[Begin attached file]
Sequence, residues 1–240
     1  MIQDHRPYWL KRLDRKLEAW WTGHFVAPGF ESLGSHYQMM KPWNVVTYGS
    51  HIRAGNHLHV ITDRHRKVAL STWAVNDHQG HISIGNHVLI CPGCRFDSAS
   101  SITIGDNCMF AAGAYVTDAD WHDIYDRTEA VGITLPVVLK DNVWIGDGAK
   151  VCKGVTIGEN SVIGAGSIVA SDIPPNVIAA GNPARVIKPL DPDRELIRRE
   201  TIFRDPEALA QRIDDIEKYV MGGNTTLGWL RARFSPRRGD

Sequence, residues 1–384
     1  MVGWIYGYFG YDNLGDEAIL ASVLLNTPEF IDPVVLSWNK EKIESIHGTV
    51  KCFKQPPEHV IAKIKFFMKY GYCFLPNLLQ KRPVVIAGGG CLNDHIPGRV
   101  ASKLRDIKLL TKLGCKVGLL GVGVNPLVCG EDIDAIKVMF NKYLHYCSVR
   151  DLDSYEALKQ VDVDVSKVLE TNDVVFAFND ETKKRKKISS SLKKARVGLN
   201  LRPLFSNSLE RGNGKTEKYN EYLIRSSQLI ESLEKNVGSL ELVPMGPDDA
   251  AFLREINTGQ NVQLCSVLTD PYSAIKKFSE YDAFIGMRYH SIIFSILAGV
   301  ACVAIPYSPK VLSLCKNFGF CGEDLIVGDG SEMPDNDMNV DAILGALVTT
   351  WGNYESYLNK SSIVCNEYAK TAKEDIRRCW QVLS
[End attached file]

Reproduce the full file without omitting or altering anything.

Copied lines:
Sequence, residues 1–240
     1  MIQDHRPYWL KRLDRKLEAW WTGHFVAPGF ESLGSHYQMM KPWNVVTYGS
    51  HIRAGNHLHV ITDRHRKVAL STWAVNDHQG HISIGNHVLI CPGCRFDSAS
   101  SITIGDNCMF AAGAYVTDAD WHDIYDRTEA VGITLPVVLK DNVWIGDGAK
   151  VCKGVTIGEN SVIGAGSIVA SDIPPNVIAA GNPARVIKPL DPDRELIRRE
   201  TIFRDPEALA QRIDDIEKYV MGGNTTLGWL RARFSPRRGD

Sequence, residues 1–384
     1  MVGWIYGYFG YDNLGDEAIL ASVLLNTPEF IDPVVLSWNK EKIESIHGTV
    51  KCFKQPPEHV IAKIKFFMKY GYCFLPNLLQ KRPVVIAGGG CLNDHIPGRV
   101  ASKLRDIKLL TKLGCKVGLL GVGVNPLVCG EDIDAIKVMF NKYLHYCSVR
   151  DLDSYEALKQ VDVDVSKVLE TNDVVFAFND ETKKRKKISS SLKKARVGLN
   201  LRPLFSNSLE RGNGKTEKYN EYLIRSSQLI ESLEKNVGSL ELVPMGPDDA
   251  AFLREINTGQ NVQLCSVLTD PYSAIKKFSE YDAFIGMRYH SIIFSILAGV
   301  ACVAIPYSPK VLSLCKNFGF CGEDLIVGDG SEMPDNDMNV DAILGALVTT
   351  WGNYESYLNK SSIVCNEYAK TAKEDIRRCW QVLS